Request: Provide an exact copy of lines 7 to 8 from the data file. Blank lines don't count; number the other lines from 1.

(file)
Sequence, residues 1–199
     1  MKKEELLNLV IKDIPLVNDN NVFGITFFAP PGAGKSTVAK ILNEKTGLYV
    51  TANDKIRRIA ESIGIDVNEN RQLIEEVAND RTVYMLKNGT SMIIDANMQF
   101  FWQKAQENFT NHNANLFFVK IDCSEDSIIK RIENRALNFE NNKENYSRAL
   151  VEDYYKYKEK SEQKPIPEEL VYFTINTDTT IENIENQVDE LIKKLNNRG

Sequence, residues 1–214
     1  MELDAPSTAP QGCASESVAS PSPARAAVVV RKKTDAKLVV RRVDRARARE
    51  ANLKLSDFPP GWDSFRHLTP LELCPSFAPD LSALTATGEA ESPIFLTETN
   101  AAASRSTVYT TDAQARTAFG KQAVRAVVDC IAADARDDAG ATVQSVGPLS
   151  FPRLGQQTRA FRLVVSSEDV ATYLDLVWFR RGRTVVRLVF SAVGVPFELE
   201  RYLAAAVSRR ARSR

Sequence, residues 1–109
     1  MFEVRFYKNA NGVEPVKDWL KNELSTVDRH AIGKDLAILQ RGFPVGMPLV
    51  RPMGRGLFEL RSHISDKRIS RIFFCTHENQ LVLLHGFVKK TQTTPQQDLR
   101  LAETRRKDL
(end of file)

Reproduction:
     1  MELDAPSTAP QGCASESVAS PSPARAAVVV RKKTDAKLVV RRVDRARARE
    51  ANLKLSDFPP GWDSFRHLTP LELCPSFAPD LSALTATGEA ESPIFLTETN